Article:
Perhaps the worst thing that could’ve happened to Rachel McAdams is The Notebook. I say this with the wistful, nostalgic affection of one who spent her formative pubescent years worshiping that sentimental nightmare of a film. The Notebook sold us many lies as truths — lies my preteen brain was easily fooled by.
A man threatening to commit suicide because a woman he was interested in wouldn’t go out with him? The Notebook told me that was a swoon-worthy story that you’d want to tell your future children. A relationship in which the two people had nothing in common and spent most of their time screaming at each other for trivial miscommunications? The Notebook told me that was passion. You didn’t paint anymore? The Notebook said you were probably bored in your healthy, sustainable relationship. You spent years of your life and all of your money fixing up an old house so your ex-girlfriend would come back to you? The truest gesture of love and commitment.
But the biggest lie was the one The Notebook told us about Rachel McAdams. She’s a gifted actress who, up until her turn as Allie in Nicholas Sparks’ drama, had starred in two fairly popular comedies: the forgettable Hot Chick and the cult-classic Mean Girls. In the latter, the Tina Fey-penned high school saga that served as a spiritual successor to Heathers, McAdams played Regina George, the Queen Bee of the school’s most popular clique, The Plastics. Narcissistic, manipulative, controlling, and petty, Regina George embodied the titular trope, and though we rooted for Lindsey Lohan’s naïve newcomer to beat her at her own game, years later, it’s Regina George we can’t stop quoting. It’s “So you agree, you think you’re pretty,” and “Stop trying to make fetch happen” that we remember. And that’s because of Rachel McAdams.
After Mean Girls came The Notebook, a cultural phenomenon that defined idyllic romance for a generation of idiots (myself included) and pigeonholed her career with other weepy relationship odes. The Time Traveler’s Wife, where she played a lovestruck woman saddled to a man with the frustrating affliction of spontaneous time travel. The Vow, where she inhabited the role of a woman who suffers a troubling case of amnesia after an accident and can’t remember her own husband. About Time, where she plays a woman with a (different) time-traveling boyfriend, who risks their relationship for his own gain.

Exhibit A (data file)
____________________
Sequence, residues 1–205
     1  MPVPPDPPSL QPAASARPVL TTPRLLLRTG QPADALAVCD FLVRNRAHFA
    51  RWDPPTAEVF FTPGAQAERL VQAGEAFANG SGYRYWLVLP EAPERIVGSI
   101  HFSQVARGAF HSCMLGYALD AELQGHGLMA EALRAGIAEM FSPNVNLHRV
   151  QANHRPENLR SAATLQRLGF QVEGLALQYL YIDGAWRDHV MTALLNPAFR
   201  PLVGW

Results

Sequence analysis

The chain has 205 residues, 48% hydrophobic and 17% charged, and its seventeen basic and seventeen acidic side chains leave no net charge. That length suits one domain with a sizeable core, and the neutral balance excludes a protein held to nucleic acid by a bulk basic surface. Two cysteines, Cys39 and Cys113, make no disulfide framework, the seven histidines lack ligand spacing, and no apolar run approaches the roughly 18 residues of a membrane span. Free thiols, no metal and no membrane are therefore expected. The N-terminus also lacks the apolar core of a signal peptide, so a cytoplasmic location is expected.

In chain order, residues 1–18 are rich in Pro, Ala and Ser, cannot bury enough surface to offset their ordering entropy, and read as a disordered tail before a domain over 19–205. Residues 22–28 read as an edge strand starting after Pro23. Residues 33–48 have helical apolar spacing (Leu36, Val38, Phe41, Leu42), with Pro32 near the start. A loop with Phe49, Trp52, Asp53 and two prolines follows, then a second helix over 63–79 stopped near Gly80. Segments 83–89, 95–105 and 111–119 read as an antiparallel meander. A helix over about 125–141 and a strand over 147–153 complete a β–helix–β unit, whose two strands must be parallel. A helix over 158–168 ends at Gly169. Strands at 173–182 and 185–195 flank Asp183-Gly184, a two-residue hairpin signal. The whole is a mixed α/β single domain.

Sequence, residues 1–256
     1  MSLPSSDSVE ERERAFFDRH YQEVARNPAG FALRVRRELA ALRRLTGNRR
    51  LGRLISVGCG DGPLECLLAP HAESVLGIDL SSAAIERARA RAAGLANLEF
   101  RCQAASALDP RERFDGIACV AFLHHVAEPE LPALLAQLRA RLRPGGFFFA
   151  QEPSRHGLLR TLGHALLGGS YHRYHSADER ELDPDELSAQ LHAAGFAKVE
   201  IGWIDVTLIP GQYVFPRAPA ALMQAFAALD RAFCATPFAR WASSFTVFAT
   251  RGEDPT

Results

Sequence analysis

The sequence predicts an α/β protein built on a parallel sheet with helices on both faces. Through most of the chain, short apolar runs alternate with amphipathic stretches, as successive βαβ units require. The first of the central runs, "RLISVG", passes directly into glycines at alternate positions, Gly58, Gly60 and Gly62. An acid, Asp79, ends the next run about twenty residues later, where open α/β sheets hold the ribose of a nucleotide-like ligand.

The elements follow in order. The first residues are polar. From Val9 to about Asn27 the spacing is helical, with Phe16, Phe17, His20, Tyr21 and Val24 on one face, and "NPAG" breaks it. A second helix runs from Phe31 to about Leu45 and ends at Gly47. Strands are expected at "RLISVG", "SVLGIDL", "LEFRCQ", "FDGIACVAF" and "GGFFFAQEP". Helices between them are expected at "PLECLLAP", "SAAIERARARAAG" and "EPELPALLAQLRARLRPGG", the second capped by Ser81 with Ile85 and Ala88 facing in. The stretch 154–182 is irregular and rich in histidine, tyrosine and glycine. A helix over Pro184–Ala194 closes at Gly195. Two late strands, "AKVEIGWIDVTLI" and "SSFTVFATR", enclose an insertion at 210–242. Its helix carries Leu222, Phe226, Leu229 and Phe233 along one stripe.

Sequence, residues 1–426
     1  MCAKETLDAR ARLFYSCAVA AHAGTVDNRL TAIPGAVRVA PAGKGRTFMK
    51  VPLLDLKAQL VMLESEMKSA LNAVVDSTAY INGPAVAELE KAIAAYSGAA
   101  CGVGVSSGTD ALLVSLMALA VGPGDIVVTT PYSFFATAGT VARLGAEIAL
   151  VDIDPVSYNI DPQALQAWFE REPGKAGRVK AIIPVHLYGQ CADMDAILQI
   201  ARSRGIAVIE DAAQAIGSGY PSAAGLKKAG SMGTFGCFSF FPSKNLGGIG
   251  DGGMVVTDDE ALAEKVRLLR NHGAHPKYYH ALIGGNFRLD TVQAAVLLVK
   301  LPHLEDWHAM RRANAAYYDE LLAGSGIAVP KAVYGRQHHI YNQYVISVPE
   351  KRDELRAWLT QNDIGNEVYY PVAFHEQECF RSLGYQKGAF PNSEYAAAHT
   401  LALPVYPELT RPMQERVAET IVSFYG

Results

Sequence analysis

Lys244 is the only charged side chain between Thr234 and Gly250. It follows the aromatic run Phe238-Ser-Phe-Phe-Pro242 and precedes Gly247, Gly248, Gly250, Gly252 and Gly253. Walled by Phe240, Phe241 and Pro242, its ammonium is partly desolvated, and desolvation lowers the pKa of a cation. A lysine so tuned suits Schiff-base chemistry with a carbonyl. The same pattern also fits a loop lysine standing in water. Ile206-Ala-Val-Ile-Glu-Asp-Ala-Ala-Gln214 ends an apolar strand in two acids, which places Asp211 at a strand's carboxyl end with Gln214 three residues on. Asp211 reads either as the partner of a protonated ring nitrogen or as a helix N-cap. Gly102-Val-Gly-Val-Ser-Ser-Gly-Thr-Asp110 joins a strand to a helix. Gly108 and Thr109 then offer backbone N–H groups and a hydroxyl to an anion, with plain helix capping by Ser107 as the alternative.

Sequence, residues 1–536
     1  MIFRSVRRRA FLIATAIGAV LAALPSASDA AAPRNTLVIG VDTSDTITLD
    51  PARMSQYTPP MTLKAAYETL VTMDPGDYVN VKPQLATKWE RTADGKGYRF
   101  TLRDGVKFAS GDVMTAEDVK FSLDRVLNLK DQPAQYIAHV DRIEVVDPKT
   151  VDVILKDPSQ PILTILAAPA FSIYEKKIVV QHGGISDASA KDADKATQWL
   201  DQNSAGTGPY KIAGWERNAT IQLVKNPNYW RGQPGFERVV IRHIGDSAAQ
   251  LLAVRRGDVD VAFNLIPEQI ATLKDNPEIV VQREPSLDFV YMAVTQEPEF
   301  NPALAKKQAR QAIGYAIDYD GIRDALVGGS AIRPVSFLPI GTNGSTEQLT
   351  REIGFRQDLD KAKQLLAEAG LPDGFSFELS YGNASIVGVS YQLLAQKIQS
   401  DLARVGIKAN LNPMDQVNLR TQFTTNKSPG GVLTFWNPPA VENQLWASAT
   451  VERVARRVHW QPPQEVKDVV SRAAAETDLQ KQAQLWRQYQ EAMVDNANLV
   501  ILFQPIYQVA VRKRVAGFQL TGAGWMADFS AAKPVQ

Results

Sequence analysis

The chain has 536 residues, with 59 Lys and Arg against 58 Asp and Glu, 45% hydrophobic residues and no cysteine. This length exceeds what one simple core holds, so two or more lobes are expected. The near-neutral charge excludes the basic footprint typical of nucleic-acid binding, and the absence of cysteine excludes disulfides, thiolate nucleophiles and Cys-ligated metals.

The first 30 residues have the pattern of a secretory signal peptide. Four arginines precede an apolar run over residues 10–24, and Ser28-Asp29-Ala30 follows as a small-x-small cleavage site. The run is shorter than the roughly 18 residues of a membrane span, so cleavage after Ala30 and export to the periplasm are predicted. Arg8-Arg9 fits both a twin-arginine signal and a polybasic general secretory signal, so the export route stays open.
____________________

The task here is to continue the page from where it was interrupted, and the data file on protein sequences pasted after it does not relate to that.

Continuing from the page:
A theme had emerged. Of course, because McAdams is so undeniably talented, she also starred in films that didn’t trade off tragic, troubled love stories. Spotlight, True Detective, Red Eye — these films gave us a different side to the woman who once got a man, on camera, to tell her he was a bird, too. But for a long time, when you thought of Rachel McAdams, you thought of these melodramas, these date-night flicks, these movies you’d put on when you needed a good cry. When you thought of Rachel McAdams, you thought of a woman who once launched herself at Ryan Gosling on the MTV Movie Awards stage. But now, you should think of Rachel McAdams as a comedy icon, because that’s what she really is.
Rachel McAdams is one of those rare chameleons who can seamlessly shift from the heavy to the humorous so yes, she’s terrific in The Notebook and To The Wonder and Disobedience. But she’s also uniquely identifiable in her comedic roles, like the ones in Wedding Crashers or Mean Girls or the severely underrated Game Night, or, most recently, Will Ferrell’s Eurovision Song Contest: The Story Of Fire Saga.